Plus, SumUp’s 3G card reader – with its unlimited supply of free mobile data, and up to 50 transactions off a single charge – is one of the finest pieces of small business payment technology on the market.
Both SumUp and Zettle provide merchants with a range of ways to take payments without even having to use the card reader.
Ideal for ecommerce businesses (or those that have had to become ecommerce businesses as a result of the COVID-19 pandemic!), SumUp and Zettle both offer up a variety of online payment methods.
But who’s doing it better?
This one’s simple – how easy is it to sell online with SumUp or Zettle?
As it turns out, very easy – although SumUp still has the edge over Zettle here.
With ‘SumUp Online Store’, you can create an online shop via the SumUp app in a matter of minutes. Adding your products is simple, as is setting up shipping details, and linking your shop to whatever social media platforms your business uses.
It’s free to do, and will cost you just 2.5% through each transaction you take through the store.
To set up your online shop with Zettle, however, requires integration with third-party ecommerce platform provider Selz. While the kind of online shop you can create with Zettle (via Selz) is both pristine and professional-looking, we found it a little less intuitive than with SumUp – in part, because it’s not all possible through a single app.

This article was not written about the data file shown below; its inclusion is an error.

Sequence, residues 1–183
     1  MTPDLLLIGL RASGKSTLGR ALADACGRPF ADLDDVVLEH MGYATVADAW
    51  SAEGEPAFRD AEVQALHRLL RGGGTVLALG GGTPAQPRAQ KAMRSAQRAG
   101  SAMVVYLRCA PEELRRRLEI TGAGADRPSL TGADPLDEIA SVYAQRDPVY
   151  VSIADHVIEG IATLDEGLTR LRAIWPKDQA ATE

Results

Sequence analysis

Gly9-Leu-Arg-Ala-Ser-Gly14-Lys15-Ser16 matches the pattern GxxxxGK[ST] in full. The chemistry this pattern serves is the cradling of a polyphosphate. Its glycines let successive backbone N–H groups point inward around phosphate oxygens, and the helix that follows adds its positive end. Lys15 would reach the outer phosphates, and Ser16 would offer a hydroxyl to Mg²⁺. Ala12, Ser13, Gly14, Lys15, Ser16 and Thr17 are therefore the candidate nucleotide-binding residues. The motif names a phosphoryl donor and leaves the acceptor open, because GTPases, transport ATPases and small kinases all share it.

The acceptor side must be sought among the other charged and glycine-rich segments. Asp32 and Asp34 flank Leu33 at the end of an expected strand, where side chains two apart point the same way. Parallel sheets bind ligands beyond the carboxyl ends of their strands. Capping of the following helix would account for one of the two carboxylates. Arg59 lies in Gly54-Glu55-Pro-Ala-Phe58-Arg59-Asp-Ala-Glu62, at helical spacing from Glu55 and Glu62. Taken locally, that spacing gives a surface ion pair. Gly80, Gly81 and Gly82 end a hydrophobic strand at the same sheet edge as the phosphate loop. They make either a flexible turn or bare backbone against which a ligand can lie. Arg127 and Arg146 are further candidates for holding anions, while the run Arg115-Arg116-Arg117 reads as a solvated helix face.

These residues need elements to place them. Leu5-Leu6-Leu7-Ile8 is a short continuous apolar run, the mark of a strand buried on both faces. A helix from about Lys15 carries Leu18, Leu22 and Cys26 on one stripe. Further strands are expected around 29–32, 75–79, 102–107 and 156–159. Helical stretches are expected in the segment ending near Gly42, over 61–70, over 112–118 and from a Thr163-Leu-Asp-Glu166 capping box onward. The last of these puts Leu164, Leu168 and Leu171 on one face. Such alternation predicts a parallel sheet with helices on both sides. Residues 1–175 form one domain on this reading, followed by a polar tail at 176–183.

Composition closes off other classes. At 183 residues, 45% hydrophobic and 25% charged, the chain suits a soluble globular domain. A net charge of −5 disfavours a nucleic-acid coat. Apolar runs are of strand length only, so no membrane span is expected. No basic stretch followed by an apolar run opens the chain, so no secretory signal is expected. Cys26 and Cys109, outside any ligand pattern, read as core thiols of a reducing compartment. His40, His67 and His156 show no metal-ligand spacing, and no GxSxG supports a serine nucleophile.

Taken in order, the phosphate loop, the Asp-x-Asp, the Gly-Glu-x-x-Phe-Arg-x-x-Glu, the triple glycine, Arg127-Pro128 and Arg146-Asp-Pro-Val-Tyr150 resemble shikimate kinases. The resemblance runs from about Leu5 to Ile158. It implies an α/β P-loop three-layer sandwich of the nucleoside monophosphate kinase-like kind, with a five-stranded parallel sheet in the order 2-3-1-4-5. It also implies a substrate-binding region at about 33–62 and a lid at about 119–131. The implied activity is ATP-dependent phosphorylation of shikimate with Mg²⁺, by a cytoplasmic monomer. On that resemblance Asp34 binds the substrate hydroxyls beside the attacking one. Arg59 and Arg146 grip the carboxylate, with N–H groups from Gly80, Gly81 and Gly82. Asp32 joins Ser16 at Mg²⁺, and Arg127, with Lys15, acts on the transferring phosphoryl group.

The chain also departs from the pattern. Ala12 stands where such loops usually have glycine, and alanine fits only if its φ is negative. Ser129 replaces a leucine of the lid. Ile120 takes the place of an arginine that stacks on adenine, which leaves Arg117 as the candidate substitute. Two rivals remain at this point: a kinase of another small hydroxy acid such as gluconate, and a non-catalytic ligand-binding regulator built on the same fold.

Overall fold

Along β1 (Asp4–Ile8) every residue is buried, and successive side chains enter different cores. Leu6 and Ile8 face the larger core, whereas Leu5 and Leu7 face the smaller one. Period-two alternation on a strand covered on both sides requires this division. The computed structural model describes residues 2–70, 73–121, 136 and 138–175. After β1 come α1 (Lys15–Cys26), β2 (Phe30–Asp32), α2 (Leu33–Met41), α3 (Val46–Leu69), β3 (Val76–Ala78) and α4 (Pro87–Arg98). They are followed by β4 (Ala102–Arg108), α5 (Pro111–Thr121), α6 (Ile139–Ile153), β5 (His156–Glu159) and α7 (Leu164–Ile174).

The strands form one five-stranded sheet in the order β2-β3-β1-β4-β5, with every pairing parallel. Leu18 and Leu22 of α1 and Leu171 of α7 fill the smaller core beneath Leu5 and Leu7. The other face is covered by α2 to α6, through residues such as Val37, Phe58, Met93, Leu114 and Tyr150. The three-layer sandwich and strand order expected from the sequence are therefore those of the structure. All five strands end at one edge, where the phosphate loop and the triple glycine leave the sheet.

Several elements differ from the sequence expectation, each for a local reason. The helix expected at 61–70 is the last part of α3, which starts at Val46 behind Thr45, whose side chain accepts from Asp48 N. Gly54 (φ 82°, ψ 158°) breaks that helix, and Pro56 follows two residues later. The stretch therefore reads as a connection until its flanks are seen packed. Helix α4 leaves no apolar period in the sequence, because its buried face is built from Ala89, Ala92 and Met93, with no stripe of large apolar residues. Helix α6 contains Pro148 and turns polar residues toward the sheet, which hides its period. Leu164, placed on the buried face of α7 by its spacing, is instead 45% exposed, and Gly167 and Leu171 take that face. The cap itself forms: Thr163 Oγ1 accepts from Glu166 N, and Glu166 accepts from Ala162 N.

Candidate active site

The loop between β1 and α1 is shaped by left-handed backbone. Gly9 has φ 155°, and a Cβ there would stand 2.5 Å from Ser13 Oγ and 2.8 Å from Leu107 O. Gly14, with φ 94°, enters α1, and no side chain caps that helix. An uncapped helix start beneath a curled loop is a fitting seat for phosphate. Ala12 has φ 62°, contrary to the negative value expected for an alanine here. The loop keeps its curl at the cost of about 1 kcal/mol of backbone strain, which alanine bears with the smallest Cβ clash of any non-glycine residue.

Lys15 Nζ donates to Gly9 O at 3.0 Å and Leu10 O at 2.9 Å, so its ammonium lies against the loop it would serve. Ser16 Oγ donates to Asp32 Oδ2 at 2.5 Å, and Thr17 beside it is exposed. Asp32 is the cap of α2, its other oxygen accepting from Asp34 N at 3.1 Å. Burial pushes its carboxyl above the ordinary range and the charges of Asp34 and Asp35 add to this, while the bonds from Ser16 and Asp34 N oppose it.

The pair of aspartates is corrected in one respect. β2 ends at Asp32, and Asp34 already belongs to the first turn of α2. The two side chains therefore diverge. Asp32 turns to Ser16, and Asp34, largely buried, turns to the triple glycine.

Verdict? If selling online is on your mind, pick SumUp.
Both SumUp and Zettle allow you to send payment links to your customers, from directly within their respective apps. Whichever option you choose, it’ll cost you 2.5% of the transaction’s value.
Virtual terminal transactions
Virtual terminals are web-based portals via which you login, enter your customer’s card details (typically over the phone, to maintain PCI compliance), and take payment.
It’s a super convenient way to get paid – particularly if you work from home on a permanent basis, or lack the tools or time to set up a proper website.
Better still, SumUp’s virtual terminal is extremely easy to use. You just log in with the app, or access it via SumUp’s online dashboard from your computer. SumUp’s virtual terminal costs 2.5% per sale you make through it.
Zettle doesn’t offer a virtual terminal service – though, with the PayPal acquisition continuing to effect seismic changes on how Zettle goes about its business, it’s worth watching this space!
PayPal QR code payments
Speaking of changes, Zettle has recently introduced an option allowing its merchants to accept PayPal-generated QR codes as payment. While that’s good news for PayPal users, it’s even better news for Zettle merchants, who – for the time being, at least – will pay a fee of just 1% per transaction to accept these types of payment.